While the ship passes around the dark side of Mercury, something startling happens: they hear an actual distress call from the original Icarus. This then places the crew of ship II into a real dilemma. Should they continue on with the mission and forget about the Icarus I crew to detonate the bomb on the Sun or should they go to the stranded vessel and look for survivors? Clear-headed pragmatism would dictate that checking for anyone alive on a ship that has not been heard of for seven years would be stupid, and most of the crew acknowledges it. Unfortunately for Capa, the ships Captain asks him to make to choice as to whether they rendezvous with the doomed vessel, seeing as that ship may have another usable payload. Upon engaging in a highly stressful bit of risk assessment, Capa begrudgingly decides that “two last hopes are better than one,” and realizes that salvaging another payload would be a good idea.
The crew then docks with the apparently lifeless Icarus I, and from the point of proceeding on board to the film’s final act, SUNSHINE goes in some decidedly peculiar and unproductive directions. I will try my best not to spoil anything that happens, but let’s just say that the Icarus II crew “discovers” something and that something proceeds to make it aboard their ship and starts to kill the crew members one at a time, not to mention that it apparently has a deep desire to sabotage the entire mission. Mixed in with this ALIEN-esque action third act is some very confusing pontificating about the nature of God and man, which never really seems to be deciphered clearly by the screenplay or by Boyle’s direction. Make no mistake about it, Boyle is an undisputed master at making SUNSHINE’S final moments creepy and authoritative, but they just seem completely out of left field here.
Although I loathed the film’s journey towards a conclusion, I found myself having great affection for everything that preceded it. There are many moments in the film that garner legitimate awe and wonder, as is the case with one near fatal space walk that is dangerously close to the sun. I also loved how Boyle makes space eerie and something to be simultaneously fearful and beautiful (one character seems addicted to looking at the sun through gigantic tinted view screens so much that he will surely need mass amounts of Aloe Vera gel to mend his flakey skin if he returns home). Some of the vistas that Boyle places the gargantuan space ship against have a supernatural and foreboding magnificence to them. The characters, along with the film’s aesthetic look, also lend to the film’s overall effectiveness. The performances are genuinely strong and reflect the crew’s growing apprehension with their mission and with each other. Ultimately, the film is deeply humanistic despite the sheer scope and brevity of the space mission. What’s great about the film is that it embodies more emotional life in a genre that typically is all about action and spectacle.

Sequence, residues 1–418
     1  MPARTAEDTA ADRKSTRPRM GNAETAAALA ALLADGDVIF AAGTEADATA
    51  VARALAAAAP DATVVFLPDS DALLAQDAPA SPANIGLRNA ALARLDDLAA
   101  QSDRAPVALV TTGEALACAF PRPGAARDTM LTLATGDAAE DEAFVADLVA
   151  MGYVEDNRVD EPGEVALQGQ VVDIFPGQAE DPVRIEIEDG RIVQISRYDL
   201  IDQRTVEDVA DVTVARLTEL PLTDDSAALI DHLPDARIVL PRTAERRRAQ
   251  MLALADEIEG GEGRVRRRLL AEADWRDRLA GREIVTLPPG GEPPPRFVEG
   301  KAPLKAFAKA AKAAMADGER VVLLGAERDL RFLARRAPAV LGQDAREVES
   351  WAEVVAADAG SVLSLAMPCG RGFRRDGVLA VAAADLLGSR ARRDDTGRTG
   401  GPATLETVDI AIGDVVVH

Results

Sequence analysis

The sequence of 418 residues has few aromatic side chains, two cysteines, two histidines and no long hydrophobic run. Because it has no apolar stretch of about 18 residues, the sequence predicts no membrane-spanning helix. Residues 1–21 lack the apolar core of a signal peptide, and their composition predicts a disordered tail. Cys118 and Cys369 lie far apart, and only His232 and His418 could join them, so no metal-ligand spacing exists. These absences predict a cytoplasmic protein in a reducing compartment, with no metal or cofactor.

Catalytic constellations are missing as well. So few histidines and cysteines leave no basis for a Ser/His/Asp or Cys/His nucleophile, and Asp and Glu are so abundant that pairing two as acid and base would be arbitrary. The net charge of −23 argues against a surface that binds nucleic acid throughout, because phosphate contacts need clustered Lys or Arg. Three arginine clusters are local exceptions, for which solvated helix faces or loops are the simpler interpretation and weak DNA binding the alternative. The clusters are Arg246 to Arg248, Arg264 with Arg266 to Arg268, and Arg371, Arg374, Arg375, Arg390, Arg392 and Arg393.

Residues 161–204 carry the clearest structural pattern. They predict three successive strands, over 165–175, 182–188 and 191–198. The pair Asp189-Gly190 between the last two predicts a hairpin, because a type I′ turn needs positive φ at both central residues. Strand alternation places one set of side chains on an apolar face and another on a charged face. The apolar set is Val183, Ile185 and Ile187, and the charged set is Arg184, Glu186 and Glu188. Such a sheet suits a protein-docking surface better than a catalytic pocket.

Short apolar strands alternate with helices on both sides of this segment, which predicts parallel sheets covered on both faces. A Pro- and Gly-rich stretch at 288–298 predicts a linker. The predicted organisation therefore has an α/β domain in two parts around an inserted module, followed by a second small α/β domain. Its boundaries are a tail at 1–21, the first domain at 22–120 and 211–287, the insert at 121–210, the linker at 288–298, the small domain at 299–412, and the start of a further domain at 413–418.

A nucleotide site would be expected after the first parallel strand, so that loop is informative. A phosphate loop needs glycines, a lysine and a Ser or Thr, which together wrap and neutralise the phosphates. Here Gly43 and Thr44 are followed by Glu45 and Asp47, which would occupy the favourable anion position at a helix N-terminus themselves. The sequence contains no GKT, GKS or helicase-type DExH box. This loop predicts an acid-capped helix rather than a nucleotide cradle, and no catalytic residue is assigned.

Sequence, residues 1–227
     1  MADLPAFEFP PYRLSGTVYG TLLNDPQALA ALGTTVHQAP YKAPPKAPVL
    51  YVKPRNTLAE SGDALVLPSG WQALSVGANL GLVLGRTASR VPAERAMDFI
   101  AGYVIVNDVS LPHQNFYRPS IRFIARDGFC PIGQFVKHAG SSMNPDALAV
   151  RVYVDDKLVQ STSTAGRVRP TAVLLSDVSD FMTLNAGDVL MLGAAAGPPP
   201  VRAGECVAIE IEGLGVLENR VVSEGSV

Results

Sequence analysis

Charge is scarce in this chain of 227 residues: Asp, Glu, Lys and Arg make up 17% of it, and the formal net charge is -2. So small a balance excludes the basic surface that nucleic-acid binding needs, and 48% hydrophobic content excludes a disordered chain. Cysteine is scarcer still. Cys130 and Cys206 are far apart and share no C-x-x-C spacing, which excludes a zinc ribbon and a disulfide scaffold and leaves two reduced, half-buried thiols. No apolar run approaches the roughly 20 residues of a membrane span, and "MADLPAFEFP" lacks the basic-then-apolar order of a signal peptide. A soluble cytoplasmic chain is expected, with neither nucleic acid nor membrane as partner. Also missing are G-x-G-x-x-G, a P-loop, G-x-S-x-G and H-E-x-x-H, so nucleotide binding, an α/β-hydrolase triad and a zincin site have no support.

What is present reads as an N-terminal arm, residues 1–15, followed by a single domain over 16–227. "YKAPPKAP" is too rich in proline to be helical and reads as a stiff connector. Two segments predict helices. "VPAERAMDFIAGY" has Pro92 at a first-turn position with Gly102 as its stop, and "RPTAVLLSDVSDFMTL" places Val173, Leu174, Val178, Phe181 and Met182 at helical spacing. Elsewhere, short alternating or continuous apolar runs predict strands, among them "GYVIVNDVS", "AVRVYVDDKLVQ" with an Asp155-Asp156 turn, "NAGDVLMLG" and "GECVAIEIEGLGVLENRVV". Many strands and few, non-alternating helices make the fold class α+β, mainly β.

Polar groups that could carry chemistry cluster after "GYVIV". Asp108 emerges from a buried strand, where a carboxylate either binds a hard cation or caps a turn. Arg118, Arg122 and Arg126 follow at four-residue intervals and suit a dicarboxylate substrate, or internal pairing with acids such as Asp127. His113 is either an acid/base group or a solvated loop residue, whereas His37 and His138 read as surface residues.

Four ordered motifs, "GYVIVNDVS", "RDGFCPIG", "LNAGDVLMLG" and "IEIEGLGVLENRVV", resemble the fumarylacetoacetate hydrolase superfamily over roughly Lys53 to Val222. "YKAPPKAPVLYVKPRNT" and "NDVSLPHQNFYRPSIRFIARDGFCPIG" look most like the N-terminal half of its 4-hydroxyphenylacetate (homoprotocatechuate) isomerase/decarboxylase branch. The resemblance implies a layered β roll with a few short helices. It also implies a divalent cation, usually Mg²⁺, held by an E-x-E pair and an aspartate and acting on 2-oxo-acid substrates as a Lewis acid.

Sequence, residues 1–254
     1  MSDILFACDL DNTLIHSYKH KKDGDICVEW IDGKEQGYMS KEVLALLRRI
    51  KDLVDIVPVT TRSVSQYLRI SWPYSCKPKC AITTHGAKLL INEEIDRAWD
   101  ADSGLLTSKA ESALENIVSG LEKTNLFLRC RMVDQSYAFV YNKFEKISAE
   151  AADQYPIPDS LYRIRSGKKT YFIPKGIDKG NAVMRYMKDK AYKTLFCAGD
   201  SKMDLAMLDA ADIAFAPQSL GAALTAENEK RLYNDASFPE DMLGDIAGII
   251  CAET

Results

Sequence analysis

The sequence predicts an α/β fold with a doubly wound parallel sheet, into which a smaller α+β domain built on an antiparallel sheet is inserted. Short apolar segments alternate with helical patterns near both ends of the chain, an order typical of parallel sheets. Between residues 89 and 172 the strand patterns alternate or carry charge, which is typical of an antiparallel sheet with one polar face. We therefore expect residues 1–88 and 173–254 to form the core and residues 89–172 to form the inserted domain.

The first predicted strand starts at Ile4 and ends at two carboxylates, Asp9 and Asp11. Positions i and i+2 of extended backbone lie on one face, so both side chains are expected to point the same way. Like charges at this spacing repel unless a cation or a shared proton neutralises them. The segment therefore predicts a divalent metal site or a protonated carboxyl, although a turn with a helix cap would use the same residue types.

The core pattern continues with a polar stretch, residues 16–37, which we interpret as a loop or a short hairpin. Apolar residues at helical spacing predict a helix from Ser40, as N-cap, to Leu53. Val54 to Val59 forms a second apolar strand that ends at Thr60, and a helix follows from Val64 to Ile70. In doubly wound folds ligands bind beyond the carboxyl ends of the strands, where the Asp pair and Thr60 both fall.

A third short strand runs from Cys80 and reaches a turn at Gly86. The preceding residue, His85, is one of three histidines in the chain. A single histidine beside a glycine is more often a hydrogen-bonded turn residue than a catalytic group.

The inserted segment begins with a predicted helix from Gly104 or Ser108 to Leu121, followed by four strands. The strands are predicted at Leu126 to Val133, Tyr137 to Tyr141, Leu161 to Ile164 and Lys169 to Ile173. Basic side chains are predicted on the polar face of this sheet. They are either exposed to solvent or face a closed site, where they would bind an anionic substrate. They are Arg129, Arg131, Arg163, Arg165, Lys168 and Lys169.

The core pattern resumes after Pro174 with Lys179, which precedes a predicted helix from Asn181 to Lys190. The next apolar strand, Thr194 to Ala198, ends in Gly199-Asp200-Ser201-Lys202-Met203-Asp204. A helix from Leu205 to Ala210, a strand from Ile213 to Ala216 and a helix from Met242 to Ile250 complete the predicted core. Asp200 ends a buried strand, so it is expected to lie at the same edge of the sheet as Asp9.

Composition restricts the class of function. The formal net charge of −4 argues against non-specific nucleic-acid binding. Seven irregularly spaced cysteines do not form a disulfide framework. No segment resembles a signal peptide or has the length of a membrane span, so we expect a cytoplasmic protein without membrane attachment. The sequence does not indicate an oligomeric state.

I guess that is what I will take most out of SUNSHINE: it’s a tense, taut, and compelling thinking-mans sci-fi thriller that focuses on characters and human interaction first and lets the visuals and special effects linger in the background. A film like this does not need space battles, dastardly villains, and alien life forms to intrigue audiences. Instead, it commands respect by the way it generates such an irrefutable sense of dread and suspense with its proceedings. SUNSHINE is an immersing sci-fi film of great power and grandeur; many of its images will remain with me and, on an emotional level, it stirs a natural sense of amazement and wonder. It’s a frequently mesmerizing work - playing off of horror and thriller beats - that shows Boyle’s command over a very challenging genre of thoughtful and introspective sci-fi. Now, if he only gave the script re-write number 36 and got rid of that needlessly head-shaking third act, then maybe SUNSHINE would have achieved a level of greatness. What we are left with is a work that is challenging, memorable, thrilling, and frustrating to sit through. I mean, you would at least think that the film would be smart enough to follow one cardinal rule that that past sci-fi films have established:
If you're on a deep space mission and receive a distress call that could impede your ability to save human civilization, then don’t investigate it...for the love of God!